here does one really start, when talking about the world renowned Aké Arts and Book Festival – especially when it is your first time attending it?
2019 was the 7th year of Aké, a festival that has brought together over 400 artists, writers, poets, musicians, dancers and thinkers over the years. Aké started off in 2013 at Abeokuta, but this year, the festival took place at the brand-new Mike Adenuga Centre / Alliance Française in Lagos.
Themed ‘Black Bodies – Grey Matter’, this year’s instalment promised to explore the concepts and misconceptions that surround the mental and physical states of the African body. Looking back, I can say for a fact that from my point of view, it did not disappoint.
The panel discussions, book chats, and poetry events that were on offer left me spoilt for choice, and I left most sessions feeling lucky to have experienced this – not just first hand, but on the mother continent of the human race.
A ‘traditional’ review won’t cut it this time
I don’t think a traditional ‘review’ of Aké Festival would do the event (and the efforts of its organisers) justice, since the festival is nothing like any event I’ve ever been to. That is why I’m going to leave you instead, with my personal impressions and takeaways from the festival – including some of the pictures I took during the event.
What I loved most about the festival was the fact that all the sessions (at least the ones I went to), were centred on the African experience – on African literature, African authors and African artists. Most important (to me) was the fact that none of the sessions were in response to anything or anyone outside of the continent.
The participating authors and artists did not have to discuss their works in response to Western reviews or critics. The literature discussed was not examined en vue of its success in the UK or other Western publishing spheres. No. The literature and art(s) that formed the basis of the festival, were seen, discussed, appraised, and reviewed from within an African context – from an African perspective.
There is more to African Literature than Chinua Achebe and Wole Soyinka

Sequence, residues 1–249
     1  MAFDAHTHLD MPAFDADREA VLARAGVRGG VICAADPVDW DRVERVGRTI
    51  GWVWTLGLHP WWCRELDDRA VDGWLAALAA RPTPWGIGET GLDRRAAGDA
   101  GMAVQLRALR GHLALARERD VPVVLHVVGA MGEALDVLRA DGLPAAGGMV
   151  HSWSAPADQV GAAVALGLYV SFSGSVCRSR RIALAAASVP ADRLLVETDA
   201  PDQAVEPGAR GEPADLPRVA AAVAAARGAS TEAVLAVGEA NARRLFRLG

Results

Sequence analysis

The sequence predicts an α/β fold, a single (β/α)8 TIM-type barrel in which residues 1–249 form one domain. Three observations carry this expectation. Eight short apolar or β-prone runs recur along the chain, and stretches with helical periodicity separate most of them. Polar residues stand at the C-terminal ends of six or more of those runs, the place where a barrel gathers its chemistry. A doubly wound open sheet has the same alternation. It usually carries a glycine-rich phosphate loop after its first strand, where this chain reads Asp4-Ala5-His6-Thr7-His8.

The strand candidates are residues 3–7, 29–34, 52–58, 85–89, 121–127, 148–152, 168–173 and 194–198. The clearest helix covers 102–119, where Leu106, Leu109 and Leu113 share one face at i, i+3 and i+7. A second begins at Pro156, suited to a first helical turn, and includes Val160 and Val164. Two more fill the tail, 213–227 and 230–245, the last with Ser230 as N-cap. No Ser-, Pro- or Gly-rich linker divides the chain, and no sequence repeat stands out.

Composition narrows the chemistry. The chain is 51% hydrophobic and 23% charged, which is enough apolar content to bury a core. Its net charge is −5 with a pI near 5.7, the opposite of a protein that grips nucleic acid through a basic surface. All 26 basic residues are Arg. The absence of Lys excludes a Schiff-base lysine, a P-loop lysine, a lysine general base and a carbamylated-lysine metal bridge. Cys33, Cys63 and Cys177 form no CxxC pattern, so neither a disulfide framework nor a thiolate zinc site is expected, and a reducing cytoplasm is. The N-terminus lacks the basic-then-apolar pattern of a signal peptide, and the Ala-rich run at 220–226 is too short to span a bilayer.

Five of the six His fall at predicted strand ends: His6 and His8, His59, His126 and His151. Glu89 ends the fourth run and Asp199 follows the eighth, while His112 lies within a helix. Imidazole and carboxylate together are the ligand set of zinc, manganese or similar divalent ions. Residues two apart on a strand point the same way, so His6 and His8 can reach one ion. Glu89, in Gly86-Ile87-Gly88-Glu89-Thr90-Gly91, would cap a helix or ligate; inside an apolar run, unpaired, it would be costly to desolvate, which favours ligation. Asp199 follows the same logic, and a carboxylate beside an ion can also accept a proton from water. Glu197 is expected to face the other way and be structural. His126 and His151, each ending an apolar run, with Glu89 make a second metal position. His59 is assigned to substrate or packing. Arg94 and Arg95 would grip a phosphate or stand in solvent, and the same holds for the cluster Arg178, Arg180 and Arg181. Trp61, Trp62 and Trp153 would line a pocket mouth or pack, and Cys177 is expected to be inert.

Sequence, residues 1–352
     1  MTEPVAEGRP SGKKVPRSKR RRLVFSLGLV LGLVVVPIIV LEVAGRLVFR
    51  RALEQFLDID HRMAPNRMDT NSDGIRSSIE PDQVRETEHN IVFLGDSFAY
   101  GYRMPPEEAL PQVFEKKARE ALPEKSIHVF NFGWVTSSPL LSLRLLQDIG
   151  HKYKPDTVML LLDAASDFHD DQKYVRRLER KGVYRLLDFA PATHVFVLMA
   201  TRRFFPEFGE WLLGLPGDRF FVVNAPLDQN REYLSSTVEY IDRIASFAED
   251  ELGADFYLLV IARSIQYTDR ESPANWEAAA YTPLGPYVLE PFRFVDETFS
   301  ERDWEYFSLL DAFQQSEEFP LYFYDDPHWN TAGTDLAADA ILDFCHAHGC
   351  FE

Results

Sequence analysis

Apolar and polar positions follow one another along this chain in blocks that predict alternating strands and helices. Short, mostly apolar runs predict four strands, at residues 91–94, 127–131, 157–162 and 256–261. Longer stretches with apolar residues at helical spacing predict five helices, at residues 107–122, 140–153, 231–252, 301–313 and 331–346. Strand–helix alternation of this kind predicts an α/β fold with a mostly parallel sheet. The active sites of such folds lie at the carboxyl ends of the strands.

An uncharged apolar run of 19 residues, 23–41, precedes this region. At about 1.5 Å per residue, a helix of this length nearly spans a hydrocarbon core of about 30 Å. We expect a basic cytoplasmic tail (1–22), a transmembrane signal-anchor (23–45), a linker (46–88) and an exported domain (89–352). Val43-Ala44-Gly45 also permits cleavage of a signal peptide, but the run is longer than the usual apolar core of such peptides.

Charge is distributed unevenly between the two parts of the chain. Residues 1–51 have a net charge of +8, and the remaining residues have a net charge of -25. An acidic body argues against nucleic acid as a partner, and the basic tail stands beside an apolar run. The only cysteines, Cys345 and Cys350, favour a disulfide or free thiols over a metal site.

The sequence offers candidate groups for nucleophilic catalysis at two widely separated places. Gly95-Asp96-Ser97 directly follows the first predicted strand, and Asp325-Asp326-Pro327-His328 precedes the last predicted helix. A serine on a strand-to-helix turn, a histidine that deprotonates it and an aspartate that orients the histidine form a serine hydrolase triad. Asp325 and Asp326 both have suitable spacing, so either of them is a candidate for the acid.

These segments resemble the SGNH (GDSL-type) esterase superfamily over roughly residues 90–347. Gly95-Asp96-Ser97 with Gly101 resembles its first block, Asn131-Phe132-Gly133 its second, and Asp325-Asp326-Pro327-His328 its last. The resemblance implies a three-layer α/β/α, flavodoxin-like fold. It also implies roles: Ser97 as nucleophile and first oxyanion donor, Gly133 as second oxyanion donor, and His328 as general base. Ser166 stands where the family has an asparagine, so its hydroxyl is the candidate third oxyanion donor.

As someone who loves reading and talking about African literature, I have encountered my fair share of having to ‘convince’ people that there is much more to African literature than Chinua Achebe and Wole Soyinka, and that the literary world on the continent is as rich and diverse as its people – which leads me to another aspect that I loved about Aké:
The conversations, discussions, panels, and sessions at Aké prepared us to go forth into the world and spread the word about the African artistic and literary world. I felt like I was being ‘prepped’ to withstand the same-old prejudices firmly, debunk them solidly, and fight against them actively.
I’m not saying that I could not counter-argue ignorant statements before, but the sessions at Aké created an atmosphere that fostered the sharing of knowledge about African authors and their works, in such a natural and effortless way, that made me feel prepared and ready to take on any nonsensical remark in the future. After all, had I not just witnessed the greatness, plurality, and creativity of African artists, authors, speakers, poets, and thinkers?
‘I felt like I was being ‘prepped’ to withstand the same-old prejudices firmly and debunk them solidly, and to fight against them actively.’
Since I said at the beginning of this post that I was not going to review the festival in the traditional sense of the word, but merely share my experiences and photos, I’ll leave it here for now and hope that you’ll enjoy the photos below.
If you are in the photos, and / or were at Aké, I hope they bring back good memories. If you were unable to attend, I hope these photos give you a glimpse into the greatness that was this festival and spur you on to participate in it next year (if you are at all able to).
‘After all, had I not just witnessed the greatness, plurality, and creativity of African artists, authors, speakers, poets, and thinkers? ‘
Tutu Isua Mfen